A 17th century satire may seem far from our concerns as finals’ week approaches and Slope Day awaits. But the “flawed fools” of Moliére’s The Jealous Husband, running this weekend at the Schwartz Center for the Performing Arts, are far from foreign and perhaps even familiar.
The Jealous Husband follows Barbouille (Skyler Schain ’13), a cantankerous drunkard who suspects his free-spirited wife Angelique (Julie Reed ’12) of infidelity. Barbouille turns to a pedantic, self-absorbed Scholar (James Miller ’12) and a variety of other zany characters in his efforts to catch her in the act. But with their flawed advice and his failed attempts, he finds that forgiveness is the best revenge.
This one act play is set in the style of the Italian commedia del’ arte and as such uses exaggerated and almost farcical characters in order to comment on social types. Student Director Carlos Guerrero ’10 studied commedia del’ arte in Italy as a sophomore and says the power of this style, and especially of The Jealous Husband, are their accessibility; in the exaggerated characters, we end up finding ourselves. For college students, in particular, “the themes of jealousy, love, and alcoholism” resonate and so it is precisely through farces like The Jealous Husband that we are able to “poke fun at all of our vices, but also get to reflect on how to change them,” Guerrero said.
Like most productions in the Black Box Theater, The Jealous Husband is primarily student-run. The intimacy of Black Box is particularly suited for this play in which the characters do not just interact with each other, but improvise with the audience. As one cast member pointed out, the nature of The Jealous Husband is that it “could be different from night to night.”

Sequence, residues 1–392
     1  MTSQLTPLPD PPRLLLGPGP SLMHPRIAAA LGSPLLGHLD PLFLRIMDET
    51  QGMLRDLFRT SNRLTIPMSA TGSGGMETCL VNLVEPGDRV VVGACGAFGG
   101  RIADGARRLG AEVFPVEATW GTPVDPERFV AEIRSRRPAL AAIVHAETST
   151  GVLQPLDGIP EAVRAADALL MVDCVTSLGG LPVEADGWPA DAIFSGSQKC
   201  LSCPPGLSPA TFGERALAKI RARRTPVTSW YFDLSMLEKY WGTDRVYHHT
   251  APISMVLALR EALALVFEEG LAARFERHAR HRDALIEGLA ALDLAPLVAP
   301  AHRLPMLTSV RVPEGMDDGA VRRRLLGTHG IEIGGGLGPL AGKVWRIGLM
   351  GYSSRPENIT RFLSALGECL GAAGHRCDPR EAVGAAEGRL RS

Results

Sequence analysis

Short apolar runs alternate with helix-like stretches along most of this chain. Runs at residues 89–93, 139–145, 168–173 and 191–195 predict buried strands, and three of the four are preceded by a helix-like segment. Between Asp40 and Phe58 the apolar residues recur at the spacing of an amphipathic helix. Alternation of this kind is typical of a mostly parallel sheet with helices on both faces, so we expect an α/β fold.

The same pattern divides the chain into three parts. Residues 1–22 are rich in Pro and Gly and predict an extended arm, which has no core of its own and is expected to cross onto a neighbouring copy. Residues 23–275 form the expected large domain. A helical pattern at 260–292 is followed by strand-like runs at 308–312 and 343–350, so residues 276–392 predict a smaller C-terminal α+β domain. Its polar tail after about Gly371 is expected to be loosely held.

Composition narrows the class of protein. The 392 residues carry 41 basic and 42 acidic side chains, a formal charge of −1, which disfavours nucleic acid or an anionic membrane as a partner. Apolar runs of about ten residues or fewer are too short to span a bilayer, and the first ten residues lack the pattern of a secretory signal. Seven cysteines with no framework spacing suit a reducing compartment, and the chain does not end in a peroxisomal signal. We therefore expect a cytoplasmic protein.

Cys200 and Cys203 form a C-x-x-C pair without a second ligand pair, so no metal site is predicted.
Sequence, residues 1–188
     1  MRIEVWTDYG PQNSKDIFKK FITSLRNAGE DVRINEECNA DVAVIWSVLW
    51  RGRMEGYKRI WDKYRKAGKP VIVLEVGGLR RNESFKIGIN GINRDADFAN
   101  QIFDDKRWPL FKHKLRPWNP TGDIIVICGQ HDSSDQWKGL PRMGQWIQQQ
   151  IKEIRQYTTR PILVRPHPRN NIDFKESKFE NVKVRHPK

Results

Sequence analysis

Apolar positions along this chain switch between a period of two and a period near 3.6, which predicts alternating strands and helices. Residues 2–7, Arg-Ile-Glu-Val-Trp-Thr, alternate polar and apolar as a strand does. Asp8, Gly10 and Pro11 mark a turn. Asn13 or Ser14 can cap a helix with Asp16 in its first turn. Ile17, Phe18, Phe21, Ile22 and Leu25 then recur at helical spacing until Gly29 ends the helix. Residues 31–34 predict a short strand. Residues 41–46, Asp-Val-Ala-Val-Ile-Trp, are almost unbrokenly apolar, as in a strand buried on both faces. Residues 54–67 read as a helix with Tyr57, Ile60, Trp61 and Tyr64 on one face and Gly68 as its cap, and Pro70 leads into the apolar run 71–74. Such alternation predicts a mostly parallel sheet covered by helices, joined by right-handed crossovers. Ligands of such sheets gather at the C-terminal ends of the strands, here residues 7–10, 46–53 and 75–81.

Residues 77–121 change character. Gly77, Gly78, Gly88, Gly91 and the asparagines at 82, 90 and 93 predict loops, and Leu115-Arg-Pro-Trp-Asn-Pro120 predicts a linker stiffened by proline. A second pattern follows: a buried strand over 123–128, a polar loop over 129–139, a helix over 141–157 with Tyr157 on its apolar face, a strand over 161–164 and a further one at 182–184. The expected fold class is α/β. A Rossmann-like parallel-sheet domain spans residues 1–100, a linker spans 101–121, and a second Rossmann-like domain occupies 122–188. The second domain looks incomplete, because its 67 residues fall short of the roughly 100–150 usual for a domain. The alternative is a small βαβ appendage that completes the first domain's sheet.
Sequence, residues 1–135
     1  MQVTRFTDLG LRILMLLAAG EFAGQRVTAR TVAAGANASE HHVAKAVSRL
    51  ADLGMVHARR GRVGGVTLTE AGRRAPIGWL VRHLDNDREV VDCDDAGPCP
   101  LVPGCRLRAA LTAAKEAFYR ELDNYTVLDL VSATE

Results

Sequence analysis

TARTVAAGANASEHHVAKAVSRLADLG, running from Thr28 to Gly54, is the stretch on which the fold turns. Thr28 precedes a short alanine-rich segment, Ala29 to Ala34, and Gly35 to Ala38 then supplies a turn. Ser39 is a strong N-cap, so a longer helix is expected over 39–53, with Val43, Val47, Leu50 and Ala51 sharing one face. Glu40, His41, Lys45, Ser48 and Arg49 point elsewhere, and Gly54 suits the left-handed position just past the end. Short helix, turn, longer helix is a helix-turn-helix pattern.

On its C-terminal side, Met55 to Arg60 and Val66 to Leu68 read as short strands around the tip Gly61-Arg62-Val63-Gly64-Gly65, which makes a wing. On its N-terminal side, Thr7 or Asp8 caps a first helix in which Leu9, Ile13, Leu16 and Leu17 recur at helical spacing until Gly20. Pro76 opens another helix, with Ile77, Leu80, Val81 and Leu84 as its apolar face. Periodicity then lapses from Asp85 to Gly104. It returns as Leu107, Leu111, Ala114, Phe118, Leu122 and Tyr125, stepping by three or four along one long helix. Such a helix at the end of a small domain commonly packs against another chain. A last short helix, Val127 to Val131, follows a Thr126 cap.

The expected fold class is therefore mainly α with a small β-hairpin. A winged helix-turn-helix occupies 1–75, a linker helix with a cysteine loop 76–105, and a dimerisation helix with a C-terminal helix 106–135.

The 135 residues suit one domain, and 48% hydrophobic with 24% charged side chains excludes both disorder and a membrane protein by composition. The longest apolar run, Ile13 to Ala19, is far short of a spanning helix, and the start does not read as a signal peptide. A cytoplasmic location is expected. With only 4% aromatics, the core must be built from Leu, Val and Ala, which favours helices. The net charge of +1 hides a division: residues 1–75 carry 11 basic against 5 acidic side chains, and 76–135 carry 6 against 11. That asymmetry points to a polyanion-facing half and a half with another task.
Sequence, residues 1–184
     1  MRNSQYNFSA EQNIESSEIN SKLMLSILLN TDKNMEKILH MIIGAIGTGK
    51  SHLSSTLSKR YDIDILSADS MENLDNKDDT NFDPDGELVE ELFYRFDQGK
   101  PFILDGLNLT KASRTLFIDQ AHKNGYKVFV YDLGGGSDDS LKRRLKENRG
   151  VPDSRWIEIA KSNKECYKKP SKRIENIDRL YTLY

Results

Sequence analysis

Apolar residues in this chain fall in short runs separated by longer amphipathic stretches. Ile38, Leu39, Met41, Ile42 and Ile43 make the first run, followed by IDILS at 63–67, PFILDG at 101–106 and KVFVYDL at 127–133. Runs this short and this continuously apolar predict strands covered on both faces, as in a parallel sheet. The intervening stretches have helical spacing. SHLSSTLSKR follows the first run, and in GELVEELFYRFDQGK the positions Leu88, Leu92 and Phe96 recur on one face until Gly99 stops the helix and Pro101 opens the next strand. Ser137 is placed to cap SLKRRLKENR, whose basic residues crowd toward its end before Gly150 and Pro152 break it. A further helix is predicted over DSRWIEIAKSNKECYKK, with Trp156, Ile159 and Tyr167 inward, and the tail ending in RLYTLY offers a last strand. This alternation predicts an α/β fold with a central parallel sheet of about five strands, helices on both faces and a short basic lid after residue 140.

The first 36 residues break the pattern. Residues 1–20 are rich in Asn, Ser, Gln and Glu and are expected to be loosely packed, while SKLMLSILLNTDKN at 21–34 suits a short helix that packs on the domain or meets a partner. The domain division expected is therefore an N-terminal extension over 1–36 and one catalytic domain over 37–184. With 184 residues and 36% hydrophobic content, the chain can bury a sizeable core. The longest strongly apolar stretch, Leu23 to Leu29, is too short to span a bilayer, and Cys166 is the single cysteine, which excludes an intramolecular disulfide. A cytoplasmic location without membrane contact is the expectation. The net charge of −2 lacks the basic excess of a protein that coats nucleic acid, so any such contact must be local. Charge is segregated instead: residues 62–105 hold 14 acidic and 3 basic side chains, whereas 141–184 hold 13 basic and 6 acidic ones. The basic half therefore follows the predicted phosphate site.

The spontaneity comes, in great part, from exercises that Guerrero did with the cast when they first started rehearsing, said Stage Manager Tim Fasano ’10. Among other exercises, Guerrero had the students play “clown,” in which they had to enact absurd situations without speaking. The result was a much freer, confident cast and a much more improvisational play.
The energy that the cast brings to the production is palpable. Each character is uniquely absurd and each actor brings out this absurdity to the fullest. Yet the direction of the play is controlled not just by one character, but by the collective cast. In the most climatic moments the characters move almost as a whole and each individual action paces seamlessly into the respective reaction.
From the eccentric 17th century costumes to the sexual innuendoes, The Jealous Husband is hilariously well executed and surprisingly relatable. In Barbouille we may see the guy from the frat party last night and in the Scholar, perhaps one of our professors. Whatever the case, we are bound to be laughing with and at the characters and ourselves.
So take a short break this weekend and head over to the Schwartz Center. You may just be surprised to find in The Jealous Husband, a world not so far from Cornell and characters not so far from yourself.
The Jealous Husband will be performed Friday at 4:30 p.m. and Saturday and Sunday at 7:00 p.m.